Spirit Airlines CEO dissatisfied with Pratt & Whitney engine issues

Spirit Airlines CEO has addressed the impact of engine inspections on the ultra-low-cost carrier's operation. The airline will ground seven of its Airbus A320neo aircraft next month in compliance with a recall by engine manufacturer Pratt & Whitney in July. 


Spirit is the largest US operator of the PW1100G engines, also known as GTF (geared turbofan) engines. The recall has affected other airlines globally. During a recent quarterly results presentation, CEO Ted Christie expressed disappointment, calling the recall "yet another frustrating and disappointing development." The grounding of the aircraft will result in a 5% reduction in capacity, negatively impacting third-quarter revenues by around 1.5%. 

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Spirit's fleet comprises over 200 Airbus aircraft, with nearly 80 A320neos powered by GTF engines. However, some of the engines were not developed at the same time, meaning not all require inspection. Pratt & Whitney called for the recall of engines manufactured between late 2015 and mid-2021, citing alleged microscopic cracks. The manufacturer also warned of "a rare condition in powder metal used to manufacture certain engine parts." The inspection process could take up to 60 days per aircraft, coupled with the microcracks, affecting the ULCC's operation further.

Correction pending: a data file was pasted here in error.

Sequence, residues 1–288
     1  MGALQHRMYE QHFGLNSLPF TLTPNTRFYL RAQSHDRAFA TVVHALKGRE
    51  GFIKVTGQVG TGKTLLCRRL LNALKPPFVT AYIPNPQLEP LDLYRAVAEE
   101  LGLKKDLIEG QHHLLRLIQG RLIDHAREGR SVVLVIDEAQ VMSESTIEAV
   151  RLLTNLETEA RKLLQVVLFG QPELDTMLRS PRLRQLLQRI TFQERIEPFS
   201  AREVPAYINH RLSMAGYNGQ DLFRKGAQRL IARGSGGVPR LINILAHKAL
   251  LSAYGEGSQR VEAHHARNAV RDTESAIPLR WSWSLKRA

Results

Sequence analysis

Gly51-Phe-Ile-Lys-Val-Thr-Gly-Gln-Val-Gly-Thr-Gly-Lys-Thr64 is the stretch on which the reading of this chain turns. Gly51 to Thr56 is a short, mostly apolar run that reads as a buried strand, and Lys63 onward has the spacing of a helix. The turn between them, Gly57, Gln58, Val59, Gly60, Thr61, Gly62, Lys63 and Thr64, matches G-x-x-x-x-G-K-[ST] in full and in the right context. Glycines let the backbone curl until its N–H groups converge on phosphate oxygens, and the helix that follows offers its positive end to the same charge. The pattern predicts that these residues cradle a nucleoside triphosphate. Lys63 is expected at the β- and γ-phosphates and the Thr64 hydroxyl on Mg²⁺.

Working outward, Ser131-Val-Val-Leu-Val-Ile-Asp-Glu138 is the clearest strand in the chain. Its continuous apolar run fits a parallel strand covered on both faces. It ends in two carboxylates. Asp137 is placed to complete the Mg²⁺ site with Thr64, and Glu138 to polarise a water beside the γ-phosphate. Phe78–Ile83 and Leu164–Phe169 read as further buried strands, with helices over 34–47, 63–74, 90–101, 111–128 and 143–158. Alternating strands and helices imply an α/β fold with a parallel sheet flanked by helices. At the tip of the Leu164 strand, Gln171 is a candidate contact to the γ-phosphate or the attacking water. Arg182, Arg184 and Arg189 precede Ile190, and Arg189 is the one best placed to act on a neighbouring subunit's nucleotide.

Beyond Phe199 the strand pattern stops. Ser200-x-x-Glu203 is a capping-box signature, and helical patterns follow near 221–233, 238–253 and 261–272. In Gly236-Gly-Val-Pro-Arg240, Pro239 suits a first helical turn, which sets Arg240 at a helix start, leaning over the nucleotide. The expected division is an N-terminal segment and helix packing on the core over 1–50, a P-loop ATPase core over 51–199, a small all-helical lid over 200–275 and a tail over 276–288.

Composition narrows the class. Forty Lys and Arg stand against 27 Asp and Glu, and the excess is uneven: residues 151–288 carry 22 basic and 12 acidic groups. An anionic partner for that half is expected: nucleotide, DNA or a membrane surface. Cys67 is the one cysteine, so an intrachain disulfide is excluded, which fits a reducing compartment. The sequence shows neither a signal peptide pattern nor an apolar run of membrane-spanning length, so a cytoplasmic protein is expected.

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The aircraft to be grounded are additional to the seven A320neos grounded due to separate problems with combustors and turbine blades, with up to ten jets anticipated to be out of service for these reasons by 2024. Christie expects affected aircraft to be out of service through the year, with Pratt & Whitney updating the airline on the matter in September. The manufacturer has yet to discuss compensation. Approximately 1,500 A320neos are active worldwide, with around 600 powered by Pratt & Whitney, with no issues reported with the remaining aircraft powered by CFM International LEAP engines. Other airlines affected include Air New Zealand and Wizz Air, while competitor Frontier Airlines is not affected as it uses CFM's LEAP engines.

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